Churning Ability and Texture: We recorded how long each machine took to fully churn each ice cream into a thick, almost soft-serve consistency, then ran a spatula through the base to see if a "valley" is left behind. We also stuck a spoon in the ice cream and noted if it stood up, which indicates readiness. We then rated them for this category on a scale of 1 to 5.
Ease of Use: We took note of how easy the machine was to operate, how clear the manufacturer's instructions were, whether the buttons were easy to understand, how easy it is to read and understand each machine's display, and whether the bowls need to be pre-frozen.
Cleaning: Finally, we looked at how easy each machine was to clean, especially when it made dairy ice cream. Without proper cleaning, dairy ice cream can leave behind a sticky machine and bacteria. We looked at whether there were removable parts, such as a removable mixing bowl and paddles, for easier cleaning, as well as whether any parts were dishwasher-safe. We also noted whether areas of the machine were hard to reach and properly clean.
What Are the Other Options?
Cuisinart Frozen Yogurt, Ice Cream & Sorbet Maker (view at Amazon): This 1.5-quart is the ice cream maker Commerce Editor Siobhan Wallace has in her pantry. It's decent enough as a first-time machine, but you'll quickly see its limitations. First, it's incredibly loud for such a small machine. But more importantly, it's difficult to find recipes for such a small amount and you'll frequently have too-big batches crystallize in the freezer. Siobhan even recommends the 2-quart Cuisinart over this one.
What to Look for in an Ice Cream Maker
There are a few different ways ice-cream makers operate. Old-fashioned hand-churn makers require ice and rock salt to freeze the liquid mix and you turn a handle until the mix is frozen. The most popular models today are the pre-frozen models, where the bowl must be frozen in your freezer for up to 24 hours and the rest of the operation is automatic.
A hybrid of the two is an automatic model that requires salt and ice to be placed around a built-in bowl while the churning operation is done by a machine. Also available is the pre-frozen with hand mixing model that is specifically designed to make small batches at a time as well as rolled ice cream.
Finally, compressor models have a built-in motor that does everything automatically and runs on electricity. All you do is add your ice cream mix, and the machine will freeze and churn it completely plus hold it frozen for several hours afterward.
Ice-cream makers have a wide range of how much ice cream is made per batch, how large (or small) to buy depends on your needs, and how you will store the machine when not in use. For those who plan on making ice cream regularly, an ice cream maker that can handle 1 to 2 quarts—2 to 4 pints—might be best. Keep in mind that many ice cream recipes are developed for a full 2 quarts, and you should not overfill the machine (it will cause icy ice cream).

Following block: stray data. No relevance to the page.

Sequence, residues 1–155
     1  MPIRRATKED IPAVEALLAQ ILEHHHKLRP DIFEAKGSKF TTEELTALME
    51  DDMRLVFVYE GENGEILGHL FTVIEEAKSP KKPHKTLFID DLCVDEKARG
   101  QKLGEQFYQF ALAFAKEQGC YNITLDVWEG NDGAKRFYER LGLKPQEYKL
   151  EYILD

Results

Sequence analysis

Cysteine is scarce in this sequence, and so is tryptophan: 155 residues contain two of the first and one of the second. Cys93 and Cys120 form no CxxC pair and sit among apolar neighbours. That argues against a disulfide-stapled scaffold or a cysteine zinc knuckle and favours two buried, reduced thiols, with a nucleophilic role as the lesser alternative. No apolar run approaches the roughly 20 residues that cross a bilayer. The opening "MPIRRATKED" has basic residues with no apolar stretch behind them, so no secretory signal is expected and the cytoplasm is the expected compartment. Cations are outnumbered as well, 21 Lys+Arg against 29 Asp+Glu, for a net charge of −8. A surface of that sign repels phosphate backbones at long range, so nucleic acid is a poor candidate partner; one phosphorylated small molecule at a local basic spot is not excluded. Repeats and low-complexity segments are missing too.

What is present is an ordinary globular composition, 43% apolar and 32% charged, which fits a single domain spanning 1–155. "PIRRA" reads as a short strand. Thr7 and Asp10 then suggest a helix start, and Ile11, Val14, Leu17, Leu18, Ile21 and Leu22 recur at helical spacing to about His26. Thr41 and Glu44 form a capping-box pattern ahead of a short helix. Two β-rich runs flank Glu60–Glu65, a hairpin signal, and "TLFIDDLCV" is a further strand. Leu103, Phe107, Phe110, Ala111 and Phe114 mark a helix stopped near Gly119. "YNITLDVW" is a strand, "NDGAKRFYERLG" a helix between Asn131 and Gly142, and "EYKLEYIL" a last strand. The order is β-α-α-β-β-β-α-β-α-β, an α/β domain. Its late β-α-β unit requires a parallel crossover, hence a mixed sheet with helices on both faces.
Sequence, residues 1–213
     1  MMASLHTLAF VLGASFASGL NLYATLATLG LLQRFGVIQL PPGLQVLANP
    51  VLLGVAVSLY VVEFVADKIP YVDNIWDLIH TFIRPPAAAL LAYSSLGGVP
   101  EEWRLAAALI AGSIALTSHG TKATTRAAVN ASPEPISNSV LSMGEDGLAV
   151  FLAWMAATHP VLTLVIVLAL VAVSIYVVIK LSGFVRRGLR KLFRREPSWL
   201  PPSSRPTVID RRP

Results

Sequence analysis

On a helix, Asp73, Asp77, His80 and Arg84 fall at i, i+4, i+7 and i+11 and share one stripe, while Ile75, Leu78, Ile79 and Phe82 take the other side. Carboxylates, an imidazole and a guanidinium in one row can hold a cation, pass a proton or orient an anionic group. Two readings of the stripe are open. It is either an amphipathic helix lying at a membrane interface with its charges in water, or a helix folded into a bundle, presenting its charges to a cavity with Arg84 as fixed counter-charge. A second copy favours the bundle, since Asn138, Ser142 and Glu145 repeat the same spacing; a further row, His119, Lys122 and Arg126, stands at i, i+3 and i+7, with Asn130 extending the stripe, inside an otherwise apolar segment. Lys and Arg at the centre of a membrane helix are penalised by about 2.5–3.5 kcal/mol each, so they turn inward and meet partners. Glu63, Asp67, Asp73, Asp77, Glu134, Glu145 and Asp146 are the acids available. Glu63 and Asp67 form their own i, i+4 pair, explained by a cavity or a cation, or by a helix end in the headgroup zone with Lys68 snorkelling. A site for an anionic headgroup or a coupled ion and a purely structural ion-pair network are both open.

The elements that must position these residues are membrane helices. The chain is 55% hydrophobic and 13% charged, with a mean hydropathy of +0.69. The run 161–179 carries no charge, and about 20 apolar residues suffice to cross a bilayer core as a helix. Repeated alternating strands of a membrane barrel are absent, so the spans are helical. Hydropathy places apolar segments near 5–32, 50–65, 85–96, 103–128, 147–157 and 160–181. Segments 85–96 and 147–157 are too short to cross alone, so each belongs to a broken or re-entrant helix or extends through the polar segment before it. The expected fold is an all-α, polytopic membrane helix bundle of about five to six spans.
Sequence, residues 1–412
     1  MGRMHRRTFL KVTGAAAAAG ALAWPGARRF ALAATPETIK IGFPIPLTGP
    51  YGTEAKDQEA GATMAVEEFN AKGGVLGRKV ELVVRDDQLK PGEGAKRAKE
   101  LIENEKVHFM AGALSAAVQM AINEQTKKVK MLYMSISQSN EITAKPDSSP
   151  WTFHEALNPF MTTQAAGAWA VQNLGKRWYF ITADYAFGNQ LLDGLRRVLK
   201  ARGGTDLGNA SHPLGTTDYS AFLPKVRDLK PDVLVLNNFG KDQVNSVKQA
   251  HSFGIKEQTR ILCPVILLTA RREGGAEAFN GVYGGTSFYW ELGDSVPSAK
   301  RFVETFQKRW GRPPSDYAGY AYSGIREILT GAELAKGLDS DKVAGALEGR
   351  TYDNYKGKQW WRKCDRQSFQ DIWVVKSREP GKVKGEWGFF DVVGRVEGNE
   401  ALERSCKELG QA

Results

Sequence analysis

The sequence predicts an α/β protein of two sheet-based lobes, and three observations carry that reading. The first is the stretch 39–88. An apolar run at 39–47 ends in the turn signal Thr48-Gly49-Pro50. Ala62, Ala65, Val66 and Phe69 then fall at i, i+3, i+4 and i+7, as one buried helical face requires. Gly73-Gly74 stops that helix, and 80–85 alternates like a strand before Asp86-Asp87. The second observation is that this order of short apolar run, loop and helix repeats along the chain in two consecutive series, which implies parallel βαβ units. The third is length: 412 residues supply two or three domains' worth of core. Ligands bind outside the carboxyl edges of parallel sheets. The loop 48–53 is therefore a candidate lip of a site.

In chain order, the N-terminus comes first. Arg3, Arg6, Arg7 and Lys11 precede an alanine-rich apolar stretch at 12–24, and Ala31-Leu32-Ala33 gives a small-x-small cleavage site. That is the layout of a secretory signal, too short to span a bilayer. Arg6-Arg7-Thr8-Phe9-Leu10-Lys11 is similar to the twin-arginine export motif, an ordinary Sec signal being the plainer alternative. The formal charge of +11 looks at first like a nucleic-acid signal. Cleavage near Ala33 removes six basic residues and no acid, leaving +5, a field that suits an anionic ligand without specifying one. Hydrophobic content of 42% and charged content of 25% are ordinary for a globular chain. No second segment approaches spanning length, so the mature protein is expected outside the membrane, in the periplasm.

Smaller, more personal-sized ice cream makers are good for experimenting and getting kids involved. Larger machines (up to 6 quarts) are great if you want to make big batches, though they usually don't handle smaller batches well and can be hard to store.
How quickly should you freeze ice cream after churning?
Waste no time here! Chef Cathy Asapahu of Ayara Thai in Los Angeles says to freeze “Immediately! You need to transfer it to a frozen container immediately because anything that melts will create ice crystals in your ice cream." Chef Carla Contreras, chef, food stylist, and health coach, adds that “The churning process can only take you so far in terms of freezing it, and over churning can lead to an icy texture which is not desirable.”
What kinds of dairy should you use for ice cream?
Contreras says fat is key. "The best dairy to use is with high-fat content such as heavy cream, half and half, or whole milk," she says. "Coconut milk is a great dairy-free option. The fat is flavor, it will give you a better tasting ice cream with a smooth consistency." Asapahu recommends to "always use high-quality milk and cream, organic if possible. It just tastes better and taste buds never lie!"
Why Trust Simply Recipes?
Karen Resta is a NYC-based writer specializing in food culture and history, cooking, pastries, and restaurants. A former executive chef who began her professional journey as a pastry chef, she travels around the globe as a photographer and writer, always finding the best authentic food and pastries along the way. She spends a lot of her free time in her kitchen and is passionate about finding quality within your given budget. Having the right tools and knowing how to use them makes all the difference in baking and cooking, and she curated this list with that in mind.
Associate commerce editor Fran Sales assisted with testing in our lab and updated this piece. As a long-term vegan with an insatiable sweet tooth, she was in ice cream heaven when we got to the coconut-milk cookie dough ice cream portion of the tests.